It’s a full circle moment which Ben Cortes never saw coming.
The Oakdale High School alum and newly appointed Fair Oaks Elementary School principal shared he didn’t grow up dreaming of a career in education. Actually, it was quite the opposite.
“I graduated high school saying I’m never going to school again,” Cortes recently shared.
“I was a trouble making kid. At my core it never felt like I was a trouble making kid, but I was young and dumb I guess,” he added. “Academically, I was pretty smart. I could just cruise and coast with minimal effort.”
Cortes first began his Oakdale education at the age of six as a Fair Oaks Elementary School Falcon. Later on, during his time at Oakdale High School, he was a three-sport athlete: football, basketball and baseball. Admitting to not establishing great relationships with teachers, Cortes noted he felt sports saved him during his time in school.
His first stop post-high school graduation was in the HVAC (Heating, Ventilation, Air Conditioning) business, making good money and commuting with a friend every day to the Bay Area. As the grind of the commute began to weigh on him, he decided that wasn’t the best fit for the lifestyle he desired.
Returning to school, he began with an English class at Stanislaus State. Sharing that he still had a bit of a chip on his shoulder from his primary years in education, Cortes felt driven to prove he was indeed a good student.
What he describes as an instant connection with his English teacher driving him, he soon became drawn to reading and writing. This ultimately resulted in Cortes earning his English degree.
Quickly realizing he didn’t have a feeling of being driven to teach English as he initially had thought, he sat in on a friend’s Special Education Class.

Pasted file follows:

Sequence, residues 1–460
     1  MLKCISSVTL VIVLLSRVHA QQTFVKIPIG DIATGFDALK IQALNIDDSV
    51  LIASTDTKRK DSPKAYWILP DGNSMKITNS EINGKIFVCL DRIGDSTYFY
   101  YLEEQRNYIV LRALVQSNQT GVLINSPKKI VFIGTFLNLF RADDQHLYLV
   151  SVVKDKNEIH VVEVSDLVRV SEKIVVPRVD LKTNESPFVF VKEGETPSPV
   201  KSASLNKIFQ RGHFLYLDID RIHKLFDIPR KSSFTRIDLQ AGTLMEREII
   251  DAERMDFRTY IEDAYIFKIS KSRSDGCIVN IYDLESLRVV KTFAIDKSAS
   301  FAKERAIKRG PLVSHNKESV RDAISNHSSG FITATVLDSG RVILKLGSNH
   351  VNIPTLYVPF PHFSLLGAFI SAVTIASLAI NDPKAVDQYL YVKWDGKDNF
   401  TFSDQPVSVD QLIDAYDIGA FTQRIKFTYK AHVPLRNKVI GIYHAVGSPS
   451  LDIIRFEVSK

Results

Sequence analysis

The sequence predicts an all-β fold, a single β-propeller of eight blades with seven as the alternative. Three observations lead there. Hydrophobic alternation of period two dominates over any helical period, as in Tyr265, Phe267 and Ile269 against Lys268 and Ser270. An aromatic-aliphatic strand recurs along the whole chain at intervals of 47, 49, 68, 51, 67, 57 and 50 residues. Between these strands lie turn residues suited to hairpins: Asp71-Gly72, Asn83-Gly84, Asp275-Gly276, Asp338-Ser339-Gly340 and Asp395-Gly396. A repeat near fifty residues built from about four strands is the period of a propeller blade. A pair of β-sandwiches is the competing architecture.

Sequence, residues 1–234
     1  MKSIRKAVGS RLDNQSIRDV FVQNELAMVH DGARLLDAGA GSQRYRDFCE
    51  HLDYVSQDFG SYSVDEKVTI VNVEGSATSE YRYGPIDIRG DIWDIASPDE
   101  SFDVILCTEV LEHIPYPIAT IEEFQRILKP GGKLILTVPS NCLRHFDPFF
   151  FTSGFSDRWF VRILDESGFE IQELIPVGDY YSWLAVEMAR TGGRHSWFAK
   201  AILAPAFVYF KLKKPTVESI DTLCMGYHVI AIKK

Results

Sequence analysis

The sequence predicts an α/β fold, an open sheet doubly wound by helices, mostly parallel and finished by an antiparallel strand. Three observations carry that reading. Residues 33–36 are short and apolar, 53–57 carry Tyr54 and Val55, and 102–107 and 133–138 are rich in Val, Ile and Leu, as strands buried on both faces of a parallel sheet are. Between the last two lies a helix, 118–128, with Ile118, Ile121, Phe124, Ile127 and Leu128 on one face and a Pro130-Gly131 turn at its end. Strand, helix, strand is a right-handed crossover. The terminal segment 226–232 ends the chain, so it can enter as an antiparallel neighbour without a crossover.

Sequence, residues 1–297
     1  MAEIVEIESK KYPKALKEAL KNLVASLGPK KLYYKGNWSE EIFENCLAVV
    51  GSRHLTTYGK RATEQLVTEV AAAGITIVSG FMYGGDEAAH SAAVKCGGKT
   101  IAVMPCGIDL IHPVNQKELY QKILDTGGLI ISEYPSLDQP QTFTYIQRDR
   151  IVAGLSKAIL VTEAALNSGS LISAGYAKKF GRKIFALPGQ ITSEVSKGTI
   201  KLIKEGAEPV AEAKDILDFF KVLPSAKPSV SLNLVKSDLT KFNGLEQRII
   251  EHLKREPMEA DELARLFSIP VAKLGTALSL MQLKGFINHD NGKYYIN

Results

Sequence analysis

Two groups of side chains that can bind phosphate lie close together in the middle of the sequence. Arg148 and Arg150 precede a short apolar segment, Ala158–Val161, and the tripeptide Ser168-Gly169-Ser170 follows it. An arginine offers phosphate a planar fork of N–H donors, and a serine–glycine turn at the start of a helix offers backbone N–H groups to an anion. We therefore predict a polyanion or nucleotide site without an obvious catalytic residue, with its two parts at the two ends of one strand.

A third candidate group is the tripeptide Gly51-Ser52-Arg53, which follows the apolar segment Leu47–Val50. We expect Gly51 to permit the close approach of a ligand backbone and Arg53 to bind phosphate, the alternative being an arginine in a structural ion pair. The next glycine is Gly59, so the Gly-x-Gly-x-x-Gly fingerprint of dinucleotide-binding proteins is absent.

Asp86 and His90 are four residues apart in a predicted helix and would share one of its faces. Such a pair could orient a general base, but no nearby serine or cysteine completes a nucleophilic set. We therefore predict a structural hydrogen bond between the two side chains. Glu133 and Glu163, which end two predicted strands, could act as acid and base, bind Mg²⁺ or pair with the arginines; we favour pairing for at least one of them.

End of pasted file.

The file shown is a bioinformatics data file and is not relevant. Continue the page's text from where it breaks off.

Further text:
“I loved it,” he said of the observation which resulted in his first career path in education. “I still love it.”
Cortes spent 10 years teaching Special Education at Oakdale Junior High School.
“The challenge of figuring out what I can do to reach that kid and help that kid,” he noted as what he loves about teaching special ed.
Cortes has also coached JV football at OHS where he was the head coach, as well as flag football, cross country and track and field at Oakdale Junior High. He was promoted to vice principal of Cloverland Elementary School five years ago, moving to the administrative side of the educational team.
The 2022-2023 school year marks his 16th year with OJUSD.
“I love the position of being a vice principal, because I sat on that (other) side of the desk,” he stated, chuckling over his own prior visits to the principal’s office.
Now, as Fair Oaks principal, Cortes shared he feels it helps him connect with the kids.
“It doesn’t mean they’re a bad kid,” he said of the students sitting on the other side of the desk. “It means they made a mistake and they can fix it.”
Stepping in to the ultimate campus leadership role, the former Falcon said he’s excited for the challenges, the issues and the opportunities. He describes himself as a servant leader with a desire to help people be the best they can be: students, staff and parents.
“It’s got its own set of challenges,” Cortes said of day-to-day school operations returning to ‘normal.’ “I think we’re ready for that. I don’t profess to have all the answers, but what the short answer is, we’ve got to start exposing them back to normal life and school. I’m going to push for that, that’s for sure.”
Ultimately the newly appointed principal wants open communication, especially coming out of the past few years. He hopes that parents, as well as students embrace his openness to communication.
“I’m here because I care. I care about the kids, I care about the community,” he continued. “I say what I mean, I mean what I say. I’m very transparent. I listen as much as I talk.”
In terms of priorities on the Falcon campus, he shared safety as a number one priority; ensuring a safe place where students can learn and grow.
“Obviously behind that, trying to produce good people,” he added of his goals. “You don’t have to be a straight A student to be a good person.”
Cortes also said he feels it’s empowering to now be in a place where he can help a student struggling as he once did.
“It might not happen this year for that kid, or next year, but eventually it will click,” he said.